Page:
Oh yeah. Mavis Staples. You Are Not Alone. Produced by Jeff Tweedy, the guy from Wilco. George Carlin (who, much to his surprise, showed up here a couple years ago) once said that the best thing to come out of religion is the music and I’m guessing he was listening to Mavis Staples when he said it. Everything Mavis sings is a gospel song because she makes it feel like one, and not in the Jesus-is-gonna-save-me kinda way but in the God-is-in-this-fucking-music kinda way; we prefer the latter up here. A little less “Jesus Freak” and a little more “Come On Up to the House”, thanks. The bottom line is all truly great music is holy (so is all great romance, all great sex, all great food, and all great beer).
On You Are Not Alone, Jeff Tweedy’s job is easy – arrange some instruments and let Mavis do her thing. You’d have to be a complete musical fuck-up to make Mavis Staples sound bad (which is why Glen Ballard will never produce a Mavis Staples album), and Tweedy is certainly not that. The standouts are numerous and, in fact, I can only think of one song on the album I don’t like: “Last Train” is a little too goofy for my taste. I don’t like hearing grownups say “choo choo train” and it kinda takes me out of the album a little bit. But one bad track out of thirteen (and it’s not terrible, it’s just goofy) is still pretty awesome.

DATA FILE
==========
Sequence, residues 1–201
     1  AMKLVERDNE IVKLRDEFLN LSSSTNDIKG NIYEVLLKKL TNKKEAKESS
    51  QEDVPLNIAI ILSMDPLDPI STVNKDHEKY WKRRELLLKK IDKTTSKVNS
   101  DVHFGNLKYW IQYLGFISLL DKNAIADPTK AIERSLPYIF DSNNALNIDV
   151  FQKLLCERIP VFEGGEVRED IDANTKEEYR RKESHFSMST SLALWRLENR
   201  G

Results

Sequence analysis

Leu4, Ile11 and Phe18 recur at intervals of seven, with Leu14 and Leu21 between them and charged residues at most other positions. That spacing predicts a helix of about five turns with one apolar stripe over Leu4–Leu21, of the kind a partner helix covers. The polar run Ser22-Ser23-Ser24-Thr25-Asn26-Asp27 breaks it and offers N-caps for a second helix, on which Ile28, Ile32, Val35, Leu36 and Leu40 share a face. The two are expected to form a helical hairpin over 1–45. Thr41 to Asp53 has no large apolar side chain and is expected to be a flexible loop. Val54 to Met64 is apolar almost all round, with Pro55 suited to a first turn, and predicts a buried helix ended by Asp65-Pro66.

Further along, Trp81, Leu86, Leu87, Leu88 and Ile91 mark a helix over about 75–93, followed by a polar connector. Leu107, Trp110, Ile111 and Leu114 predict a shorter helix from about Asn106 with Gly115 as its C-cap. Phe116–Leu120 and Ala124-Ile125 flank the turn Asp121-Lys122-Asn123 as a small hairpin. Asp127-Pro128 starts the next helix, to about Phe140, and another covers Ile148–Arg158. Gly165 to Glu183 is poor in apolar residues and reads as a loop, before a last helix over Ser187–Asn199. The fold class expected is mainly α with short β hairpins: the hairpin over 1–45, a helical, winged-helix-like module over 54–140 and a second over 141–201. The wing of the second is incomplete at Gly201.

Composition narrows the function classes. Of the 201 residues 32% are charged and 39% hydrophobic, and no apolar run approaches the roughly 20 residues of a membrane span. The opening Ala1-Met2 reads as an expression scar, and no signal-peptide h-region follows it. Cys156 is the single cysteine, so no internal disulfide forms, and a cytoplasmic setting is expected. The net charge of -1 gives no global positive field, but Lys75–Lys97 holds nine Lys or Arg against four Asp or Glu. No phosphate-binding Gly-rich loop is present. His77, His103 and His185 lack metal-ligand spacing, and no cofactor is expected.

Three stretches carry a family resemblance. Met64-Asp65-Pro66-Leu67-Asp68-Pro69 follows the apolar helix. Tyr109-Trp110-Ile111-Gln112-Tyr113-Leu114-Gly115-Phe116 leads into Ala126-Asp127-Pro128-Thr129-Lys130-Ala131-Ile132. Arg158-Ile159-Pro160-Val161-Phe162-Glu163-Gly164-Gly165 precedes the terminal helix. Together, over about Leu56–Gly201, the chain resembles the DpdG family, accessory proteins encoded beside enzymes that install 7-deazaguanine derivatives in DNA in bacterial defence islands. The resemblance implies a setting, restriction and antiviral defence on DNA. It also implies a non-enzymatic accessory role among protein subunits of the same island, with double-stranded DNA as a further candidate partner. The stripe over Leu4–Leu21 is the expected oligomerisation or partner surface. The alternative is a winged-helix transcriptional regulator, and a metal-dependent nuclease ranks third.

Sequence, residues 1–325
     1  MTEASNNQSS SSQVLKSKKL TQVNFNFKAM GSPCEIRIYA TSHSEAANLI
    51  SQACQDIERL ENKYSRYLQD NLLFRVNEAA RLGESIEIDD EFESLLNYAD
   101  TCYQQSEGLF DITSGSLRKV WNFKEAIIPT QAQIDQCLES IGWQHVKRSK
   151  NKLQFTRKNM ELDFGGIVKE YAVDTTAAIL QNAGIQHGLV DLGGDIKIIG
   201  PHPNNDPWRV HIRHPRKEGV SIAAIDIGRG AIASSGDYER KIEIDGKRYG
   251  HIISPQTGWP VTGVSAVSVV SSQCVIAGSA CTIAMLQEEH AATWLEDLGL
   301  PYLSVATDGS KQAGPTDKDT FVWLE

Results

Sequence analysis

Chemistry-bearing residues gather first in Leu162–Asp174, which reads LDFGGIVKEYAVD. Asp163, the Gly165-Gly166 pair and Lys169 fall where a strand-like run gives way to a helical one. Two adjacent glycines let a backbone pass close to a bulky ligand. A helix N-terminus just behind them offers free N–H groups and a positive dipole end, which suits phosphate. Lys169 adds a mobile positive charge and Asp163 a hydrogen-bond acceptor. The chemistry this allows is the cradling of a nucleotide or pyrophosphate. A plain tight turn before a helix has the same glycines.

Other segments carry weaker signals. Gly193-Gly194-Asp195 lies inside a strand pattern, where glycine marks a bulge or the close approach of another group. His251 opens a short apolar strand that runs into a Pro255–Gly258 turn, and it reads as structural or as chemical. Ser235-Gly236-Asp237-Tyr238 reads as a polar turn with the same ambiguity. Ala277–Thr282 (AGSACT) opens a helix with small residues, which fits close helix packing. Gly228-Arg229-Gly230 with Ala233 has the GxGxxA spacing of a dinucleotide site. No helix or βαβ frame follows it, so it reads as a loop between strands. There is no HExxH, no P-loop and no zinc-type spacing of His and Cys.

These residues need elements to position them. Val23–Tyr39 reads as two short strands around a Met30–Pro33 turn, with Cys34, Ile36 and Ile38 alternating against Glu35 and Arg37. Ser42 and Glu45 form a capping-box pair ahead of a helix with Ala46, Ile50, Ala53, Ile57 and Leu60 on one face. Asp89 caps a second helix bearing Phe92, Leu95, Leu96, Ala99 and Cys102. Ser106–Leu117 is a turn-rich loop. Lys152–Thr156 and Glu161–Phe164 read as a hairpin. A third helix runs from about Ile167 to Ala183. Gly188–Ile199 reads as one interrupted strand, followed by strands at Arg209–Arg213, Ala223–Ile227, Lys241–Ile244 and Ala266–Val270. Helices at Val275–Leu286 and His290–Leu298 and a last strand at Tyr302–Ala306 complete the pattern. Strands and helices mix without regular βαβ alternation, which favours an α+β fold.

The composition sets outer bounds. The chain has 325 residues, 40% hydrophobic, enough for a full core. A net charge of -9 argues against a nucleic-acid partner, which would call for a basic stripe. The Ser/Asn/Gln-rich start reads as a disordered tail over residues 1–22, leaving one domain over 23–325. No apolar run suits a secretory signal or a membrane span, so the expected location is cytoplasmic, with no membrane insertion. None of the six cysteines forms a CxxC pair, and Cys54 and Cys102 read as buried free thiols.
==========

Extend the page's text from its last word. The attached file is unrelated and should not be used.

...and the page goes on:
I particularly love the title track, which Jeff Tweedy wrote for Mavis. It’s a gospel song about the importance of people, and I dig that. Sure, I’m the Messiah and all, but there’s six billion of you and one of me. I know I can turn water into wine, but you guys could do some pretty great stuff for each other too. So when Mavis sings, “I’m gonna get it through to you/ you’re not alone”, I have to smile. It’s a pledge to be there for her fellow people (and yes, Sunday school kids, it can be interpreted to be saying that you’re not alone because you have God, but God’s not singin’ it. Mavis is. Little known fact: my dad can’t sing for shit), and that thread runs throughout You Are Not Alone: Mavis Staples loves her God, but she’s not about to forget about her brothers and sisters down there in the good ol’ world. “Wrote A Song for Everyone” is an obvious choice to reinforce that sentiment and maybe an obvious choice of a cover song, but what Mavis Staples does with that song is downright awe-inspiring. She makes it her own, which is what all good cover songs should do. If you’re reading this, John Fogerty, you better just sign away the rights to that one. It’s not yours anymore.
It’s easy to argue against faith when it’s being abused and used to treat other people like shit, but You Are Not Alone shows us what faith is for. Mavis Staples’ faith moves her to have faith in her brothers and sisters and it moves her to make incredibly beautiful music. There’s no arguing with that.
Jesus Christ is an infrequent but highly valued contributor to Bollocks!. According to his publicist, he’s easier to reach by song than by prayer (although you can email him at firstname.lastname@example.org), he believes in evolution and not being a total dickhole to your fellow beings. His favorite album of 2010 is Nobody’s Fault But Mine, an album of duets between Nina Simone and Joe Strummer. It is only available in Heaven.